I’ve been fingers-deep in CCIE Route/Switch prep for the better part of a year, and am coming into the home stretch with about 3 months before my anticipated lab date. Nearly all my prep time these days is in lab samples and simulations, working on my time management, and interpretation skills. One of the parts of the prep that I didn’t really expect to get so darn much of was learning all sorts of odd things that you can do on a switch or a router that only seem to come up on CCIE Lab exams, or in one production network in a thousand. With a hope that I can recall enough of the details of these features to recognize if I get struck again in the actual lab, I figured I’d share some with the community at large. And who knows…maybe someone out there is trying to resolve an odd network issue, and one of these techniques can help save the day.
QoS the Odd way… BGP Attributes to the Rescue
I ran into a strange questions on a lab sample asking to mark traffic coming in an interface on a router based on the community that the destination would match as it left through another interface. My first thought was to use typical MQC with a class-map matching the community, followed by a policy-map setting the proper IPP, and then attach inbound with a service policy. What I found was that you can’t match a community-list with a class-map, as that is reserved for route-map use. What I learned was that you can create a table-map in BGP that references a route-map to match on community-lists (or other attributes) and then set values. Then under an interface, you will use “bgp-policy” to act on this table map. There are several ways “bgp-policy” can be used, but for this example we will use destination-based IP-PREC-MAP.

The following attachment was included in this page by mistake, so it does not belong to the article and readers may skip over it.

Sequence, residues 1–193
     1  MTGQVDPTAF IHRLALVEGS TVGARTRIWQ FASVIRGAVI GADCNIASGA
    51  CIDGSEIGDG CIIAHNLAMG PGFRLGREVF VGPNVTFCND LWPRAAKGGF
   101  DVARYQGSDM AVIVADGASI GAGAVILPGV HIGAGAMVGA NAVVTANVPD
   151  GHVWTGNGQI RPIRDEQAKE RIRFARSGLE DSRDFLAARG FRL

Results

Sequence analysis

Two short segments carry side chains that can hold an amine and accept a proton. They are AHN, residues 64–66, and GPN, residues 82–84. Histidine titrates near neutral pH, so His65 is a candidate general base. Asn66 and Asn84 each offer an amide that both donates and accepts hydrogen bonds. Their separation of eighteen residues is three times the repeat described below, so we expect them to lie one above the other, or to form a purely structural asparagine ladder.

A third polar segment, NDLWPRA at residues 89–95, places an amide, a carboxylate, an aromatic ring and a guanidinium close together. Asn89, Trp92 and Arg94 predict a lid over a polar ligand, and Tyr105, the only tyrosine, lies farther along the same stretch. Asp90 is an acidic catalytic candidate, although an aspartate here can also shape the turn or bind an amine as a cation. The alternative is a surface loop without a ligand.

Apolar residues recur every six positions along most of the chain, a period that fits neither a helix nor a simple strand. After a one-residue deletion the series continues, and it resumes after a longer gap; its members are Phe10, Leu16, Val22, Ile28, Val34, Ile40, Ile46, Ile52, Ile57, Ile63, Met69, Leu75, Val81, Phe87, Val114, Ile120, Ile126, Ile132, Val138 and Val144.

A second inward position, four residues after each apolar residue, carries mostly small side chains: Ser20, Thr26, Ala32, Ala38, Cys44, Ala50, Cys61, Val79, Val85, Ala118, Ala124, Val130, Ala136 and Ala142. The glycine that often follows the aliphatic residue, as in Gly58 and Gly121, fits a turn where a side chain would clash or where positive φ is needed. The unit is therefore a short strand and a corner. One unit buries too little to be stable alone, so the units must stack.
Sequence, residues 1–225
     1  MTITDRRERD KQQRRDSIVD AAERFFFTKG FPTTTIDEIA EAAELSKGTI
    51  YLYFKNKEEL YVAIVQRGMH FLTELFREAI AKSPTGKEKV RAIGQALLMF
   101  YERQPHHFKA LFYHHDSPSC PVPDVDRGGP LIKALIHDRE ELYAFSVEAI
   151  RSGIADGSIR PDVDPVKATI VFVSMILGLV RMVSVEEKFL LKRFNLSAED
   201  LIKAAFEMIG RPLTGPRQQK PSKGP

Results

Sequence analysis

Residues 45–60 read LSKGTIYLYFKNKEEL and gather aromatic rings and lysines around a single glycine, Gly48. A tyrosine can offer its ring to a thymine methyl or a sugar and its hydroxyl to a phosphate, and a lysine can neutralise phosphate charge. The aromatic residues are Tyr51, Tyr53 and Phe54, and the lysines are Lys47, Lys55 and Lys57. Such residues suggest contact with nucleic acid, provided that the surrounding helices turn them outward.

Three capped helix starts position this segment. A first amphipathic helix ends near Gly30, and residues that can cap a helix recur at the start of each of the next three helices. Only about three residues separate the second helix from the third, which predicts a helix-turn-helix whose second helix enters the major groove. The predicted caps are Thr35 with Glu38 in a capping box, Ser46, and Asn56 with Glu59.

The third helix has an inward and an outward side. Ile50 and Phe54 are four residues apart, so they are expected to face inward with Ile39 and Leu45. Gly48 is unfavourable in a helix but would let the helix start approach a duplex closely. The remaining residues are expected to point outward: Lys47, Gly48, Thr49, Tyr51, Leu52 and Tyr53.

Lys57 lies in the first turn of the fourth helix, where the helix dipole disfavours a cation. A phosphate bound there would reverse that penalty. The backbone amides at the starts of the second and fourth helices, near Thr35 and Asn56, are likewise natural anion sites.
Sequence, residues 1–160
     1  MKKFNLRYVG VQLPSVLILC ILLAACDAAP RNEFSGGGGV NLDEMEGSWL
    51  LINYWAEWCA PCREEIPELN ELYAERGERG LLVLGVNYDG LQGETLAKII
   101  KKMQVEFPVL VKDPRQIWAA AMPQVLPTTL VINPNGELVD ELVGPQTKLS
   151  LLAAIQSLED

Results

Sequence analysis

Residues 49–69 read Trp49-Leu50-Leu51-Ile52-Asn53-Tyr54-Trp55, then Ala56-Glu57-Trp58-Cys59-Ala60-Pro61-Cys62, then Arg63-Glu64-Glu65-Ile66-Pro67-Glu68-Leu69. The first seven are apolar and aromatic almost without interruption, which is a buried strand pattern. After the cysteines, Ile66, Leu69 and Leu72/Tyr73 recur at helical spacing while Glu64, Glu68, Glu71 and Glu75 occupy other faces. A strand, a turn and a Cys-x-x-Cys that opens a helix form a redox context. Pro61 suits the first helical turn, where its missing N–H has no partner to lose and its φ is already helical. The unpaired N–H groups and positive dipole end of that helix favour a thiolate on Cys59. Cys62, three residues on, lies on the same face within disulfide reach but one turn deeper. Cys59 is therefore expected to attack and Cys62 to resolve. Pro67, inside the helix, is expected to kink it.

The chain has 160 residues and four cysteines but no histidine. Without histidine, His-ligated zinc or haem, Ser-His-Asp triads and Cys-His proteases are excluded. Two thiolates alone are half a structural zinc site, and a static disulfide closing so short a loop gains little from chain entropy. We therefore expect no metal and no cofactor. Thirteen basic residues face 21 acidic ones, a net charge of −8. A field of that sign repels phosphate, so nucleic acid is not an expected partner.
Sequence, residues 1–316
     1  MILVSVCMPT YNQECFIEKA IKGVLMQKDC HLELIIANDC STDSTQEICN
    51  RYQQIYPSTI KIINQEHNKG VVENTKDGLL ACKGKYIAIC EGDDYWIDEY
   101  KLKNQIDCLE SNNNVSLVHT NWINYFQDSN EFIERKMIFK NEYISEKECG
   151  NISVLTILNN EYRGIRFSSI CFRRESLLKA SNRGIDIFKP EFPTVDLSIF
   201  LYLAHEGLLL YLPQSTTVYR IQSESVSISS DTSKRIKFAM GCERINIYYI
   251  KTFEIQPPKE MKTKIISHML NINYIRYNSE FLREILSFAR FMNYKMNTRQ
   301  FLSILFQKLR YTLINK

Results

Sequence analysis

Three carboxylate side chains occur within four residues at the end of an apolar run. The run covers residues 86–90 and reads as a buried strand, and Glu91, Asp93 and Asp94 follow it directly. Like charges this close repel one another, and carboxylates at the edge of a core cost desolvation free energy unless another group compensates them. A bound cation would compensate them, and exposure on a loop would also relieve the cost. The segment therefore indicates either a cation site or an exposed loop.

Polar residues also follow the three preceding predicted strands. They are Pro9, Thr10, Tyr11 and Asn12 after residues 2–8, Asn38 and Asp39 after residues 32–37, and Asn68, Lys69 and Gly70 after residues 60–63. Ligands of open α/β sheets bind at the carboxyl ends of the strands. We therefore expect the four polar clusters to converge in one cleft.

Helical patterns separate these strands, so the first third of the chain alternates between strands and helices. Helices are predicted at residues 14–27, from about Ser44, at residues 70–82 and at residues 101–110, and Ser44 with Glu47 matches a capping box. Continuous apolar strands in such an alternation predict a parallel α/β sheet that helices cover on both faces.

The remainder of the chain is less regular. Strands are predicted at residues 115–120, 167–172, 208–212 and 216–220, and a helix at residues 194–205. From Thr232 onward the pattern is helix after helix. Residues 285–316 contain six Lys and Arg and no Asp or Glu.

Here is a sample snippet…
ip community-list 10 permit 100:11 ip community-list 20 permit 100:21 ! route-map BGP-TABLE-MAP permit 10 match community 10 set ip precedence 5 route-map BGP-TABLE-MAP permit 20 match community 20 set ip precedence 3 ! router bgp 100 table-map BGP-TABLE-MAP ! interface FastEthernet0/0 bgp-policy destination ip-prec-map
How to restrict the number of failed login-attempts by local user
We are all familiar with being locked out an account because we mis-typed the password too many times. I’ve locked myself out of my AD account more times than I care to admit. What I didn’t know was that you could set something similar up on a router or switch leveraging the local account database. Part of the AAA service is a feature for just this question.
aaa local authentication attempts max-fail 5
Automatic Image File Verification
I’ve long been a user of the “verify /md5 flash:image.bin” command whenever copying a new IOS to a piece of gear. One time of having to transfer a file over a serial cable was enough for me. What I didn’t know was that you could tell your gear to automatically compute the hash whenever a new file is copied over.
file verify auto
Well, these were three that I learned during my studies this weekend. As I find more features/questions like these that trip me up, I’ll try to carve off some time to continue the series. In the meantime, good luck to all my fellow CCIE candidates out there!